(But even Pres played many similar versions of “Lester Leaps In” in the 1950s. And speaking of “Indiana,” that was one of the seeming dozen or so tunes that remained in his later repertoire and he always ended it with the same last eight bars or so on every live version I’ve ever heard him do.)
So Pops was of that mentality from the earlier generation: you work on your solo until you’re satisfied, then you stick with it. I always talk about my book here and trust me, I do find myself holding stuff back here because I want there to be some surprises in it when the day comes that it sees the light. Thus, I won’t share the entire quote because I need to save something, but trust me, I found an interview of Pops in the All Stars period talking about how he specifically tells the other musicians in the group to learn their solos and try to play them the same way night after night because he felt it made them better musicians.
Now wait a minute, wait a minute, waiting a minute!!! Louis Armstrong IS jazz. Yet, he’s telling his musicians to learn how to set their solos. This might make some people’s mind completely melt down but it’s true so you just have to learn to deal with it. And how do you do that? The best way I know of is to always keep in mind something Joe Muranyi told me: Louis Armstrong is a great composer. Yes, he’s the greatest trumpeter, greatest singer, greatest entertainer, greatest personality that jazz has ever seen (arguable, but really, what did you expect me to say?). But do not ever underestimate his ability as a composer.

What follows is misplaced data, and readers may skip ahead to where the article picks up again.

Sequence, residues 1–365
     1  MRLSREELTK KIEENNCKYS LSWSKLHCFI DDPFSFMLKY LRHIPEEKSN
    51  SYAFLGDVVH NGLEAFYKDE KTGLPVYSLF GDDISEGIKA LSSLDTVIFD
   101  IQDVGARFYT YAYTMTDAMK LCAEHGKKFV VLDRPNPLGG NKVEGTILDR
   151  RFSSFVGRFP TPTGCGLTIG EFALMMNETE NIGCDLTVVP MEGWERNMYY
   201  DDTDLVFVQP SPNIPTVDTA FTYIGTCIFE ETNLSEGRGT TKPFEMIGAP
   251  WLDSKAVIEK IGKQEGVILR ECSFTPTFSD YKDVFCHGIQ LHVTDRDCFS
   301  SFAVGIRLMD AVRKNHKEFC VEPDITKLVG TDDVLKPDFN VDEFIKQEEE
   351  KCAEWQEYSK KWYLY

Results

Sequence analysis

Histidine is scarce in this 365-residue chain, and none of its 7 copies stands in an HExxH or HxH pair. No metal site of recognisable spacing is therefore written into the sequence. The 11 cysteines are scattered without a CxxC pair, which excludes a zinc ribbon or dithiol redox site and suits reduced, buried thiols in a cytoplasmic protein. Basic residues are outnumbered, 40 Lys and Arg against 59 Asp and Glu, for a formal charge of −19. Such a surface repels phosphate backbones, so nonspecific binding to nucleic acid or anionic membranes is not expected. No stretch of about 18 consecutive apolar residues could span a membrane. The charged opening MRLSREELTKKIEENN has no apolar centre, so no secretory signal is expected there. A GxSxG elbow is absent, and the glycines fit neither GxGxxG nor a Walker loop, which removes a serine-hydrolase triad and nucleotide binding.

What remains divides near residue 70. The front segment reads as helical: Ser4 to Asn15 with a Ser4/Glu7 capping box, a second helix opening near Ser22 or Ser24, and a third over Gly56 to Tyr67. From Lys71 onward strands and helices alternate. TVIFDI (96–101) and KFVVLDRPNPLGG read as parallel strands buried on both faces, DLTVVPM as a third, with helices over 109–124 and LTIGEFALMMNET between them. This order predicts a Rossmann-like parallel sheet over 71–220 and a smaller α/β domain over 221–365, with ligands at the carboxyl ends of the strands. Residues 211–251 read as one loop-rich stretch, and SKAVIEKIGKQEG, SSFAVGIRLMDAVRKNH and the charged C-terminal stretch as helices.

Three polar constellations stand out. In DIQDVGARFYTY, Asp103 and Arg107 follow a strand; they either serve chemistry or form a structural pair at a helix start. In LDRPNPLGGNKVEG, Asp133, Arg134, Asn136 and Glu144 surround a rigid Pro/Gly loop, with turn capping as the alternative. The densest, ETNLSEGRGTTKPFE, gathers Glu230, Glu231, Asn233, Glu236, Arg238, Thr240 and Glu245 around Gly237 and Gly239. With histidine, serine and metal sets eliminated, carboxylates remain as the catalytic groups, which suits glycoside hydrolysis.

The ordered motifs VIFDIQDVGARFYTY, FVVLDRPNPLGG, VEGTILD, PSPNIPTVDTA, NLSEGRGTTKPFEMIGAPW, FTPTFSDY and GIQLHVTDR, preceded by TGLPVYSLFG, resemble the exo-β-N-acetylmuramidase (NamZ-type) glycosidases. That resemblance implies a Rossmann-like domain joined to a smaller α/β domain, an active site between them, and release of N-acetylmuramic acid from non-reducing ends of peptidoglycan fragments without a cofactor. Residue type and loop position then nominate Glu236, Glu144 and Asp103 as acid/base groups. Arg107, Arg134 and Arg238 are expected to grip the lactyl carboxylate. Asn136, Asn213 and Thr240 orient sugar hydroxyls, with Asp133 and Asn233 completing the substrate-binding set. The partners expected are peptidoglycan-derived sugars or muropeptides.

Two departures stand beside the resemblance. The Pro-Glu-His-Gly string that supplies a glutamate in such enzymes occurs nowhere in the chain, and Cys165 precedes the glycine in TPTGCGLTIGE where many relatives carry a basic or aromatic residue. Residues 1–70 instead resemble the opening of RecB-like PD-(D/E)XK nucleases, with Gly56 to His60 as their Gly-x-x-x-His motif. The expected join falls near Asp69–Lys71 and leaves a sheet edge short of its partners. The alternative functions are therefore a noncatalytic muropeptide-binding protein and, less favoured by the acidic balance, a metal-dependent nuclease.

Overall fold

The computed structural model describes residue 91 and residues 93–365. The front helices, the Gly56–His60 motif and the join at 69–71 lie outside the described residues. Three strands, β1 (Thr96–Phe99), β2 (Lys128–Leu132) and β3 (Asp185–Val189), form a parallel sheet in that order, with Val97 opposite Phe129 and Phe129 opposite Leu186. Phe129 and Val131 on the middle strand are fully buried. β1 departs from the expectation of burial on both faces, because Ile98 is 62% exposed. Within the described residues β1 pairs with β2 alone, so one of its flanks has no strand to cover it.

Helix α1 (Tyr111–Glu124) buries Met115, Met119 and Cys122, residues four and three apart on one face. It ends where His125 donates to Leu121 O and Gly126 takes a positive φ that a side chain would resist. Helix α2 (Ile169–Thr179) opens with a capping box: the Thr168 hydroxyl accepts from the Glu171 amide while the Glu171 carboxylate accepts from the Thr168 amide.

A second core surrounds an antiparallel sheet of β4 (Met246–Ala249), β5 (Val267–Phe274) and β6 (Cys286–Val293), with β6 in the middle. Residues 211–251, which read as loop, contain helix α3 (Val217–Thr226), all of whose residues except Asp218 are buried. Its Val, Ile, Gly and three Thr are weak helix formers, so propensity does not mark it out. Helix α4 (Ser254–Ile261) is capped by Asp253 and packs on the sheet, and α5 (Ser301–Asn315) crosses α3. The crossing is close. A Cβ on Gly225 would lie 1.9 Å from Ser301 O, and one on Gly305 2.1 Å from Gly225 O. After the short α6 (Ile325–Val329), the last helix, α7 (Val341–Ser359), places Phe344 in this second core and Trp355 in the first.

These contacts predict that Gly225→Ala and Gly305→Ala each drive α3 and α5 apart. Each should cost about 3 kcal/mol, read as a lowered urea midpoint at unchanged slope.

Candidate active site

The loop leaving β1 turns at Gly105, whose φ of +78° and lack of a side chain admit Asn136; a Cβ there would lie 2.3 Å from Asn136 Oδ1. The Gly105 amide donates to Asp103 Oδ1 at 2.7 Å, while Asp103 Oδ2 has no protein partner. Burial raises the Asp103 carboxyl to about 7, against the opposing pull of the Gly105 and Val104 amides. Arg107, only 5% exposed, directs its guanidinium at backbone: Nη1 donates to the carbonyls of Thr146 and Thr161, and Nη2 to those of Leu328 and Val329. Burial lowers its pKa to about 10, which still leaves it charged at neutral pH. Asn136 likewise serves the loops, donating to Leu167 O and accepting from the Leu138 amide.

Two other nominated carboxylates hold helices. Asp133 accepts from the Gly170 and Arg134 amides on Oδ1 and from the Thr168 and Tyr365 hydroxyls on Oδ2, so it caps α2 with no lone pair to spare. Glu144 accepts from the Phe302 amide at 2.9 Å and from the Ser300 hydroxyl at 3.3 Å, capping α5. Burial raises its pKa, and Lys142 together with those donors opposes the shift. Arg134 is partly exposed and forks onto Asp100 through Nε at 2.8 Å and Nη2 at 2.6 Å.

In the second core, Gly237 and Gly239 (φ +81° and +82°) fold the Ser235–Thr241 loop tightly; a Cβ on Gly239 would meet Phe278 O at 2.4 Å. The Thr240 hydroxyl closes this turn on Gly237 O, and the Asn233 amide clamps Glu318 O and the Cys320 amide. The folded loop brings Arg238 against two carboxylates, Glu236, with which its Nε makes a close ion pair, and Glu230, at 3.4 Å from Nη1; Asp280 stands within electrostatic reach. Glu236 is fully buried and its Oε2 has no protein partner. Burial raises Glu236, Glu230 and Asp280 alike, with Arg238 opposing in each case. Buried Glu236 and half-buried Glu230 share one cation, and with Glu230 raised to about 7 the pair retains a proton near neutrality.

And I don’t just mean writing tunes like “Some Day You’ll Be Sorry.” I’m talking about those incredible, mind-blowing solos. It’s so easy to roll your eyes and say, “Oh dear, another version of ‘Indiana’ with that same damn set solo. Ho hum.” But it’s entirely different to think about Louis’s thought process, knowing how hard he worked on those solos. Think about it: the man was a nut about tape recording. And what did he tape record? His own concerts. Every night. When the show was over and the revelers disappeared, Pops would go to his room and listen to that evening’s concert. Surviving members of the All Stars have told me that they would sneak away at night and ask the hotel for a different room on another floor because Pops would play his own stuff so loud! He’d listen to his own solos. See what he could keep and what he could change. He’d listen to the reactions his jokes got or the kind of receptions certain songs received. He studied every concert like an individual jewel yet so many people continue to write-off the entire All Stars period as if he was going through the motions, a commercial entertainer content to play it safe with the same songs and solos night and after night. It’s not fair.
So with the diatribe now over, let me get back to the topic at hand and demonstrate some of my beliefs the only way I know how: with cold, hard audio facts. We’re going to examine the process that Louis Armstrong took in the 1950s to “set” his “Indiana” solo. We’ve already heard the 1951 solo and we might as well hear it again: